Blockchain is a diverse and flexible system. Innovative uses of blockchain technology seem to emerge frequently such as smart contracts. They have been the subject of heated debates regarding the legal issues they raise. To name just a few of these issues, what would be the applicable law? What flexibility do smart contracts offer? Is it possible to amend them? These issues have namely been addressed in an article on Mathias Avocats’ blog.
However, smart contracts offer several advantages namely regarding automatic and regular payments such as royalties or insurance. They offer security and efficiency. Moreover, the issues raised are not new to blockchain technology. Indeed, the question of the applicable law arose when the Blockchain was first created. With a few changes in the law, just as with electronic contracts, solutions could be found.
Mathias Avocats provides a comprehensive view of the ways in which smart contracts have started to modify contractual practices.
How do smart contracts work?
A smart contract is an encoded contract. The terms of an agreement between two or more parties are programmed into code (a set of instructions) that are stored on a blockchain technology. When certain conditions described in the code are met, specific actions, which are also defined in the code, are automatically triggered. As such, smart contracts are said to be self-executing. They operate in a comparable way to any transaction on the Blockchain.
In its analysis entitled “How Blockchain could change our lives”, the European Parliamentary Research Service (EPRS) evoked the possibility of using smart contracts in the voting process. If we consider this possibility, a separate smart contract would have to be created for each election. Casting a vote would be a specific condition leading to specific actions: counting the votes and determining the election results. The instructions would determine the method for counting the votes, the limit of vote per person and so forth. It must be said that Blockchain-enabled e-voting has already taken place in Denmark and in Estonia.
Furthermore, smart contracts have also been used by the German startup slock.it which allows people to find, locate, control and rent any object through the Ethereum Computer (an open source project). If a person wants to rent an empty apartment for the holidays, he or she only has to open the application, find the apartment, pay for its use and, if the owner accepts, he or she will have access to it. The agreement between the owner and the person will be stored on the Ethereum Blockchain. The application is similar to an electronic contract.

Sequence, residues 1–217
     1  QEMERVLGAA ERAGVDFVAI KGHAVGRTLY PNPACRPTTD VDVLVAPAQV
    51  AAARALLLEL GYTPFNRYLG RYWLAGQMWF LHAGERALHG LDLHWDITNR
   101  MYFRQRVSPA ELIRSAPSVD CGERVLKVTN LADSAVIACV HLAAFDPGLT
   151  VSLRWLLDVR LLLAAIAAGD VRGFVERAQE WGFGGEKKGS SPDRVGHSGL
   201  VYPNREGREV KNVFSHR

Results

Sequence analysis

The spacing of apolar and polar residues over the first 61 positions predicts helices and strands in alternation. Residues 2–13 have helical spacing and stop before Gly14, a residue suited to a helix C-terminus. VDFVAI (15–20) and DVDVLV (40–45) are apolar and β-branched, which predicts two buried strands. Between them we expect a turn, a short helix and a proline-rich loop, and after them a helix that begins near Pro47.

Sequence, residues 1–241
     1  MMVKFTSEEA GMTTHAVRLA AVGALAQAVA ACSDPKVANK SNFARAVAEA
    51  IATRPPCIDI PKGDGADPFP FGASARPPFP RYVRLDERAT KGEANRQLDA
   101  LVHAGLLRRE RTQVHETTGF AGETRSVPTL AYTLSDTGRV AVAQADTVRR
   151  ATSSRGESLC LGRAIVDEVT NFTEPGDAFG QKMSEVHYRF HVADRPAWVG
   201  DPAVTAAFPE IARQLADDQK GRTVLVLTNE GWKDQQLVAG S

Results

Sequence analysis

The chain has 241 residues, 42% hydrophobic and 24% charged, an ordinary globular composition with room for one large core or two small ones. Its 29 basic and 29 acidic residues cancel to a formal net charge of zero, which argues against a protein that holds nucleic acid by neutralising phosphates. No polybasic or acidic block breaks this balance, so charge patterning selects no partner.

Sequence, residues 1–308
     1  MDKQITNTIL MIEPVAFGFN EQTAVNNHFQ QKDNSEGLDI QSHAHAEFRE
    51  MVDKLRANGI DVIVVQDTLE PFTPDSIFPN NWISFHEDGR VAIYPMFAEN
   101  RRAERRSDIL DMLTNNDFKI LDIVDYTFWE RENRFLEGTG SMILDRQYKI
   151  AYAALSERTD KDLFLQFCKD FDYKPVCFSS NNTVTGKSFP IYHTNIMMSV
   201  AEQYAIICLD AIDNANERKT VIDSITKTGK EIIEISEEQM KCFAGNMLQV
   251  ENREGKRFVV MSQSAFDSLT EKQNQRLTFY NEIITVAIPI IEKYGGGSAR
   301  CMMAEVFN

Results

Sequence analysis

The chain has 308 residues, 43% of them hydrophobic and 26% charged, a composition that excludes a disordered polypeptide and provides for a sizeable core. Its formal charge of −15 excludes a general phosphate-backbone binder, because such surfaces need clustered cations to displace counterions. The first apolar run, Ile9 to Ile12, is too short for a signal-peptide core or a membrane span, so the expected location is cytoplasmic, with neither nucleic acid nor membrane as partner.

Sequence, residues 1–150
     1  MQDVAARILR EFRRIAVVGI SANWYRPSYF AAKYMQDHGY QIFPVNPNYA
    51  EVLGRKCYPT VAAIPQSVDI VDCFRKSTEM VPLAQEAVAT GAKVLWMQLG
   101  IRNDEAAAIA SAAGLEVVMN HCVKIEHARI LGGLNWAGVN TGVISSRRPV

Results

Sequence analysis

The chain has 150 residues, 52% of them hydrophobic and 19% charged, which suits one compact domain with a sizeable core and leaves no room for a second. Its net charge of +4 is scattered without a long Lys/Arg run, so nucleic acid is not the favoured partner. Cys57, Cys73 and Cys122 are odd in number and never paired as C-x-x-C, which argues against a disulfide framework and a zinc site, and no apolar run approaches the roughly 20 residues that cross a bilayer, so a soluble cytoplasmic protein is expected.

These illustrations prove the sustainability of smart contracts and the various applications they hold in today’s society. They help comprehend how they function and the future purposes they hold.
What issues arise?
In general, when referring to blockchain based technologies or Artificial Intelligence (AI), an issue commonly arises: is code prevailing on the law? Does it replace it? These questions namely refer to the “Rule of Law” doctrine developed by John Locke under which no one is above the law and the law must not be arbitrary or unpredictable.
They also refer to Professor Lessig’s article “Code is Law”. He develops the idea that code is the regulator of our cyberspace age. However, this regulator can change. The code is not fixed. He stresses the importance of understanding this regulation and the ways in which it is and may change.
When considering the Blockchain and AI, the code may seem inflexible, because it cannot easily be changed, and could appear to be “ruling” the technology it is applied to. In some ways, the code is the law of the technology.
However, when it comes to comparing code and the law, the latter holds a key place which cannot be diminished by smart contracts, the Blockchain and AI. Indeed, the law of the land sits above the so-called law of code. Despite the difficulties of enforceability and legal proceeding, the law is the ground on which decisions, interpretations and rules are made. Manufacturers as well as parties to a contract are subject to them. The law cannot be evaded.
This implies that smart contracts will most likely not replace traditional paper contracts but offer other an alternative such as they do today. Parties to a smart contract should include particular provisions namely regarding jurisdiction and applicability.
What are the next steps?
The primacy of national law may need to be asserted in new ways to adapt to technological evolutions. Traditional contract law namely record keeping and evidentiary rules may need to be modified so as to take into account the automated nature of smart contracts. The Lord Chief of Justice for England and Wales underlined the probable need to update the United-Kingdom’s legislation regarding these issues.
Mathias avocats will keep you informed on any new developments.